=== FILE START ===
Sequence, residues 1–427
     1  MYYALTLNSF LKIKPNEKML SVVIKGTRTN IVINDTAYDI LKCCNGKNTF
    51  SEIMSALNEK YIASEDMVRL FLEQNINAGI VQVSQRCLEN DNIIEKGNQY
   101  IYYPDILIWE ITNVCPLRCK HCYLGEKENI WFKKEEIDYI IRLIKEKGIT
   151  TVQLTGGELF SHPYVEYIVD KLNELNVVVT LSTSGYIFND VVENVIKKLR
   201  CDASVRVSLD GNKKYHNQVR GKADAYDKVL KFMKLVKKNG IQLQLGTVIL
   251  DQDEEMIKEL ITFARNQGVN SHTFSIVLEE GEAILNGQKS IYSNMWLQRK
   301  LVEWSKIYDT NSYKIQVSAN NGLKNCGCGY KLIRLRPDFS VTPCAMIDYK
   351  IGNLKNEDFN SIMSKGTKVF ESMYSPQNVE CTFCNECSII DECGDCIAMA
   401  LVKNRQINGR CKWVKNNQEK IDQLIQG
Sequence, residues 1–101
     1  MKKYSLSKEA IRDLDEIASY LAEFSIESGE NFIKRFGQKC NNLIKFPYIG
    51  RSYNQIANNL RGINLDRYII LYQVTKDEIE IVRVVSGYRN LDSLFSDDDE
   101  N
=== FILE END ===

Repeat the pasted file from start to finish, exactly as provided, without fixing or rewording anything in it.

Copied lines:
Sequence, residues 1–427
     1  MYYALTLNSF LKIKPNEKML SVVIKGTRTN IVINDTAYDI LKCCNGKNTF
    51  SEIMSALNEK YIASEDMVRL FLEQNINAGI VQVSQRCLEN DNIIEKGNQY
   101  IYYPDILIWE ITNVCPLRCK HCYLGEKENI WFKKEEIDYI IRLIKEKGIT
   151  TVQLTGGELF SHPYVEYIVD KLNELNVVVT LSTSGYIFND VVENVIKKLR
   201  CDASVRVSLD GNKKYHNQVR GKADAYDKVL KFMKLVKKNG IQLQLGTVIL
   251  DQDEEMIKEL ITFARNQGVN SHTFSIVLEE GEAILNGQKS IYSNMWLQRK
   301  LVEWSKIYDT NSYKIQVSAN NGLKNCGCGY KLIRLRPDFS VTPCAMIDYK
   351  IGNLKNEDFN SIMSKGTKVF ESMYSPQNVE CTFCNECSII DECGDCIAMA
   401  LVKNRQINGR CKWVKNNQEK IDQLIQG
Sequence, residues 1–101
     1  MKKYSLSKEA IRDLDEIASY LAEFSIESGE NFIKRFGQKC NNLIKFPYIG
    51  RSYNQIANNL RGINLDRYII LYQVTKDEIE IVRVVSGYRN LDSLFSDDDE
   101  N